Purpose of the study: Caregiving for a person with dementia is frequently used to model the impact of chronic stress on health, including cognitive functioning. However, the prevalence of typically healthier, self-selecting non-caregiving control groups could contribute to a picture of poorer caregiver performance and overstate the negative effects of stress. We investigated differences in cognitive performance between dementia caregivers and two groups of non-caregivers recruited using different sampling methods.
Design and methods: We compared cognitive function and psychological wellbeing among 252 spousal dementia caregivers with demographically matched non-caregiving control groups drawn from (1) a population study and (2) a self-selecting sample. Comparable cognitive measures included immediate and delayed recall, processing speed reaction time and verbal fluency.
Results: Caregiver and non-caregiver performance was comparable on most cognitive domains. However, caregivers outperformed both control groups on processing speed (p ≤ .05) and reaction time (p ≤ .05), despite having higher levels of stress and depression (ps < .001). Furthermore, caregivers had significantly better free recall than self-selecting controls (p < .001).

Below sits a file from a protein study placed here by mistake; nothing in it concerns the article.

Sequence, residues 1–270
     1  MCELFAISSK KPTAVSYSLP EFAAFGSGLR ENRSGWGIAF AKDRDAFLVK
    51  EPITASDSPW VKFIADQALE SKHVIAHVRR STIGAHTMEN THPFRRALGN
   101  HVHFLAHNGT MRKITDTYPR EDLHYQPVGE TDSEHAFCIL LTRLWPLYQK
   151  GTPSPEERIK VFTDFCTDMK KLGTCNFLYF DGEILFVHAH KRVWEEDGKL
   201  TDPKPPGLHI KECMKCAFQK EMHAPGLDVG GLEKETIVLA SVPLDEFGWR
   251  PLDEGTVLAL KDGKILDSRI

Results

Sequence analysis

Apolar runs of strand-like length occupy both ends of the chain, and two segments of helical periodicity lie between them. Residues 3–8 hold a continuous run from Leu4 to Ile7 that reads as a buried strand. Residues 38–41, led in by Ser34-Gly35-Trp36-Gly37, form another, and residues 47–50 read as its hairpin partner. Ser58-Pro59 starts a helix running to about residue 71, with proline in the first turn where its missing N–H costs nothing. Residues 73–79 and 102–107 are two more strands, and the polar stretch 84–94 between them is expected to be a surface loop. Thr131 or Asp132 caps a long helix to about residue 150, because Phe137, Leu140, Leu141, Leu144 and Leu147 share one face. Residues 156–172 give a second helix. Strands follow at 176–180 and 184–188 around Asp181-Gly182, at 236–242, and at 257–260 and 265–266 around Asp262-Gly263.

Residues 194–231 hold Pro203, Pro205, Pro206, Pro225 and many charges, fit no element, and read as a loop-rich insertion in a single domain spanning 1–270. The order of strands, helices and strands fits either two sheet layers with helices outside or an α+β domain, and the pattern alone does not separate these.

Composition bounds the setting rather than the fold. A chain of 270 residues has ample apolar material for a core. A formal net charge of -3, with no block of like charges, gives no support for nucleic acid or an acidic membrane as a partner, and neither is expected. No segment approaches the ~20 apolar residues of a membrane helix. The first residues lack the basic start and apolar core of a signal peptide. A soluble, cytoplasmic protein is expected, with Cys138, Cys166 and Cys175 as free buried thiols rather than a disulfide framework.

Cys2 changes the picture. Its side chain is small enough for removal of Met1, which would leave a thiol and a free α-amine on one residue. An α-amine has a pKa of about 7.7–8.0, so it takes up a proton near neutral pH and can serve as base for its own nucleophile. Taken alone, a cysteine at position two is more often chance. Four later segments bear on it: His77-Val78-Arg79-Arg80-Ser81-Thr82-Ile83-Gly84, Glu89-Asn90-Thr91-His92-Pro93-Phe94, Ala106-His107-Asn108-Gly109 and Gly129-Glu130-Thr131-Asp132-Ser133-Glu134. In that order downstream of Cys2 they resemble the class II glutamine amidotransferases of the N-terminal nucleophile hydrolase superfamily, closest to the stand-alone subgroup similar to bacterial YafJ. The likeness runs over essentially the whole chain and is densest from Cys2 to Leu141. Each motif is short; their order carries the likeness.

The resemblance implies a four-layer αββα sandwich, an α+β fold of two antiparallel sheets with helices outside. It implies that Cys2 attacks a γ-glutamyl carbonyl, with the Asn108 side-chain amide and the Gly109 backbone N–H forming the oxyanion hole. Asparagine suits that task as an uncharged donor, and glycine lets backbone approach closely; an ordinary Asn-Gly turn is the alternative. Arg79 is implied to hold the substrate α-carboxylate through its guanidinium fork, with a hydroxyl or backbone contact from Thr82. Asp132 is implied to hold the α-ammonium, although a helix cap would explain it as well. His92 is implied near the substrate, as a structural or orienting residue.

Implications: Our results, overall, do not support the idea that caregiving is associated with stress-induced cognitive deficits. Rather, the trend toward better caregiver performance is consistent with the healthy caregiver hypothesis.
Keywords: Alzheimer's; Cognition; caregiving; matching; sampling; stress.